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Man Facing Charges for Carjacking, Murder After Running Man Over With His Own Truck

A dispute between two men in the Westlake District of Los Angeles turned deadly earlier this month when a man was run over with his own truck. The two men were reportedly arguing over a parking space when one man carjacked the victim’s pickup truck. After shifting the truck into drive he ran over the 54-year-old victim and fled the scene. The carjacker, identified as 36-year-old Mitchell Castillo, was found by police in the San Fernando Valley in possession of the stolen truck. Castillo may be facing criminal charges for carjacking and felony murder for the death of the pickup truck owner.

What is Carjacking?

Carjacking is the crime of taking another person’s vehicle from their immediate presence using force or fear. The crime is specifically defined in Penal Code 215 PC to be:

  1. Taking a vehicle in the possession of another;
  2. From his or her immediate presence;
  3. Against his or her will;
  4. With the intent to deprive that person of possession, either temporarily or permanently;
  5. Using force or fear.

In the Westlake District case, Castillo is facing criminal charges for carjacking because he used force during a struggle to take take the pickup truck belonging to the victim against his will. The fact that he drove the pickup truck from the scene of the carjacking is sufficient to satisfy the “intent to deprive” element of the crime.

Felony-Murder

The pickup truck owner was killed when Castillo ran over the man with the pickup truck. Since the victim was killed while Castillo was committing a felony, Castillo may face additional charges for felony murder. California’s felony murder rule states that any deaths that occur during the commission of a felony or are related to a felony will automatically be charged as first degree murder. This includes accidental and unintentional deaths and is true regardless of the intent of the person committing the underlying felony offense.

There are no details about whether Castillo intended to run over and kill the victim. However, since the victim died while Castillo was committing a felony crime, he can be charged with first degree murder for the man’s death. So, even if Castillo did not intend to run over or kill the man, he will likely be facing significant time in prison for his actions.

Consequences of Carjacking and First Degree Murder

Carjacking and first degree murder are both felony offenses in Los Angeles. Each of these crimes carry a distinct set of criminal penalties. If Castillo is charged and convicted of both crimes he will face serious time behind bars.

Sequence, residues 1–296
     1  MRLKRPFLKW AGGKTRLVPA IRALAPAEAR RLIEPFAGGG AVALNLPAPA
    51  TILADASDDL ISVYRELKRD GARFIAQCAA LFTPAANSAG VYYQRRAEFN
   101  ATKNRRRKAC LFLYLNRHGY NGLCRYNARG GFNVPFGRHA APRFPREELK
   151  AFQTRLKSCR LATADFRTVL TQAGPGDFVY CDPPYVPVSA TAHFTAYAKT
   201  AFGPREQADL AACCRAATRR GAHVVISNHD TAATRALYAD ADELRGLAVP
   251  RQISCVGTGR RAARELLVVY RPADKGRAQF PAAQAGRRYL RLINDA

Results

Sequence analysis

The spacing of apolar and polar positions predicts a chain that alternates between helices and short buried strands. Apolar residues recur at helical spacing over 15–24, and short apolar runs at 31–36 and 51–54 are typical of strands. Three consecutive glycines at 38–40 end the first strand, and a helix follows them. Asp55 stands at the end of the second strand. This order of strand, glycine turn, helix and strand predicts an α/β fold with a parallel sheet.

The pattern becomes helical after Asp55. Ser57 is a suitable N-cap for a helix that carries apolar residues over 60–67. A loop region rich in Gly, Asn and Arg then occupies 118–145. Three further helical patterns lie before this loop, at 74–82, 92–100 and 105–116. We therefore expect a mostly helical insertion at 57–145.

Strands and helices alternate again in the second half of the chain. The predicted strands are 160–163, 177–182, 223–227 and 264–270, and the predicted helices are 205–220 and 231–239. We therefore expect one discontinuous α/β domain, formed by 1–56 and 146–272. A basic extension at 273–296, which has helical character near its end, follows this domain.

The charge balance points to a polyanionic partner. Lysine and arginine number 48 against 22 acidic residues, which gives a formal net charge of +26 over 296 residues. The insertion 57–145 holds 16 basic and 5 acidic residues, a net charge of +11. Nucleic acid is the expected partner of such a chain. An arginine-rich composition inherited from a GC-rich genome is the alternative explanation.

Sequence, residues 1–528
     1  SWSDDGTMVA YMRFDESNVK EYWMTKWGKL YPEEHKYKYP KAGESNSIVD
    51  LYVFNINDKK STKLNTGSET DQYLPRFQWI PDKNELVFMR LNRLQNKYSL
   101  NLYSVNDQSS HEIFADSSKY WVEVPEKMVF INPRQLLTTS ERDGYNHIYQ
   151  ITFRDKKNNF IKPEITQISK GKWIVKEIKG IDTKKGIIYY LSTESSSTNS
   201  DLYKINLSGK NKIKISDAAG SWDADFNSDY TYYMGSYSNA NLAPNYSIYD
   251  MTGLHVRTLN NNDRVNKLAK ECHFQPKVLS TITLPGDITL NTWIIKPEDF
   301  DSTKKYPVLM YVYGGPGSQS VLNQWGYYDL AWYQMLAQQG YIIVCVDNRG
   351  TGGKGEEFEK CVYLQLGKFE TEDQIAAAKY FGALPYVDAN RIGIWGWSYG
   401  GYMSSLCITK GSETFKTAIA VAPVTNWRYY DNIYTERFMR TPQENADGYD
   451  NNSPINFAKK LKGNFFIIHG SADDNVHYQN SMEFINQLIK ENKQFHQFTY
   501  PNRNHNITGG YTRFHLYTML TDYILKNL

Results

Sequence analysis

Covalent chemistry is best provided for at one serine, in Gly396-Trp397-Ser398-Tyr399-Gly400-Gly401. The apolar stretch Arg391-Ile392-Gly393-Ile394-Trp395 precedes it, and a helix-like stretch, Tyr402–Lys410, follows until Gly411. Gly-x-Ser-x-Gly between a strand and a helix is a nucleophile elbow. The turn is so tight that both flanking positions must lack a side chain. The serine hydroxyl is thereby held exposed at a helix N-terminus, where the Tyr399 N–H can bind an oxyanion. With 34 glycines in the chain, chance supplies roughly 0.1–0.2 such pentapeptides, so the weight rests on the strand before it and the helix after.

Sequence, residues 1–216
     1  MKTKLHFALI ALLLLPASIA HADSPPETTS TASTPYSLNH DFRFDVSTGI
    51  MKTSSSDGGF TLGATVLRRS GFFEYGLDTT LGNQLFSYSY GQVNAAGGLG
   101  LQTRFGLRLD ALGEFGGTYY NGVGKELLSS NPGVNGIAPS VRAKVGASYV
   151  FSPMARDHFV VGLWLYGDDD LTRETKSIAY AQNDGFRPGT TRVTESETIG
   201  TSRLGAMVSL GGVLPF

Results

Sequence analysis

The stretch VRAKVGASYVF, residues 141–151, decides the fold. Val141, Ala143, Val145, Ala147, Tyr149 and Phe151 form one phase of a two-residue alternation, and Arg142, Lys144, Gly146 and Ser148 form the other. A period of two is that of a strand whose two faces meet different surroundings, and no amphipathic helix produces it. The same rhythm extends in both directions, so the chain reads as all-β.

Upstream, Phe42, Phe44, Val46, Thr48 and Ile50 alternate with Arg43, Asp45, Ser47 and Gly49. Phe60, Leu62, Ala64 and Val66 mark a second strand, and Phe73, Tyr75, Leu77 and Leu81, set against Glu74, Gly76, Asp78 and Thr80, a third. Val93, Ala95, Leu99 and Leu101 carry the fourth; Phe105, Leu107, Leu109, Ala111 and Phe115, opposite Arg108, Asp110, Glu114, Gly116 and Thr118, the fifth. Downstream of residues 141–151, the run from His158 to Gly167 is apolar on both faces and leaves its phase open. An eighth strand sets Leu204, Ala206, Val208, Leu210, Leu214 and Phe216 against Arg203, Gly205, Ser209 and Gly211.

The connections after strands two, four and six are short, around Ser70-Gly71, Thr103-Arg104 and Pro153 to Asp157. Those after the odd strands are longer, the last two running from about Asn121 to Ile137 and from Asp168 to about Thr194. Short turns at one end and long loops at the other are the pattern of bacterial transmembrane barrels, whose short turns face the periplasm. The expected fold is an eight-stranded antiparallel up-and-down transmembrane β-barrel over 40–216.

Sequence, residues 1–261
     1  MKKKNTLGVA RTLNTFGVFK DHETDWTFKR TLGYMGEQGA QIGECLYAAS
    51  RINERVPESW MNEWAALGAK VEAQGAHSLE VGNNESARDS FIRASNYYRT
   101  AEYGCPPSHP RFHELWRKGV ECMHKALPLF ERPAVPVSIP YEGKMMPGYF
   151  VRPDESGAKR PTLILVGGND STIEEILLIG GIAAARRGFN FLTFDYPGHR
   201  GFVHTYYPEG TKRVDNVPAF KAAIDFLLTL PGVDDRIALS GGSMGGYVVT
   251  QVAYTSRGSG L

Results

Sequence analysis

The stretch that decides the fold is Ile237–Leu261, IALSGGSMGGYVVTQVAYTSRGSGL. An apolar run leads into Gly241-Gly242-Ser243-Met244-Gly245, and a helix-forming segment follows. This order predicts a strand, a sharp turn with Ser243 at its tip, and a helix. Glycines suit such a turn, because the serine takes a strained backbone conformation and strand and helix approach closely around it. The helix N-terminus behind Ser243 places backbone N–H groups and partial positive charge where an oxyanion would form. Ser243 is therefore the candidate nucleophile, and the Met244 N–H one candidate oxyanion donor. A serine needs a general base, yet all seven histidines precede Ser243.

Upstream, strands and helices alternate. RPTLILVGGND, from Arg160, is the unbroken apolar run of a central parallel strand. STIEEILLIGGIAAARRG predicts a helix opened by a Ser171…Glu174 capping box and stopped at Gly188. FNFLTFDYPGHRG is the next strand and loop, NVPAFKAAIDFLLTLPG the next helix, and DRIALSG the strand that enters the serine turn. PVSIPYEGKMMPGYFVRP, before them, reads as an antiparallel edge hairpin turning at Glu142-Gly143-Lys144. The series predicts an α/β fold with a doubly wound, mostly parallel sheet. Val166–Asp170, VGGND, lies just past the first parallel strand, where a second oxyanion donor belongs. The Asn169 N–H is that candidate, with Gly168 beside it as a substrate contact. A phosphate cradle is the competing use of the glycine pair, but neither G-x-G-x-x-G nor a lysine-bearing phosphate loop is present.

Carjacking

Carjacking is a felony in Los Angeles. When the crime is committed without aggravating factors it is punishable by 3, 5, or 9 years in prison and up to $10,000 in criminal fines. When aggravating factors are present, the term of imprisonment can be extended. Aggravating factors in a crime of carjacking may include:

  • Causing Great Bodily Harm: an additional 3-6 years in prison;
  • Street Gang Activity: an additional 15 years to life in prison;
  • Using a Gun: an additional 10 years in prison;
  • Firing a Gun: an additional 15 years in prison:
  • Seriously Injuring or Killing Another Person: an additional 25 years to life in prison.

First Degree Felony Murder

Deaths related to the commission of a felony are charged as first degree murder. First degree murder is a felony, punishable by:

  • 25 years to life in prison;
  • Life in prison without the possibility of parole; or
  • The death penalty.

Fighting Carjacking and Felony Murder Charges

Castillo will have the opportunity to defend himself against any criminal charges he faces. His chances of securing the best possible outcome in his case will increase tremendously if he hires a criminal defense attorney. His attorney will review the facts of the case, investigate the incident, and determine the best arguments to assert on Castillo’s behalf. These arguments will be used to explain, justify, and/or excuse Castillo’s alleged behavior. Defenses to carjacking may include:

  • False accusation or mistaken identity;
  • Permission of the vehicle’s owner;
  • No intent to deprive the owner of their property; or
  • No use of force or fear.

If you or someone you know is facing criminal charges for carjacking in Los Angeles do not hesitate to contact the Los Angeles Criminal Law Center for help. We understand that your future is on the line and will fight to achieve the best possible outcome in your case. Early intervention in your criminal case is important, so call us today to schedule a free consultation. We will review your case, explain your rights, and answer the questions you have.

 
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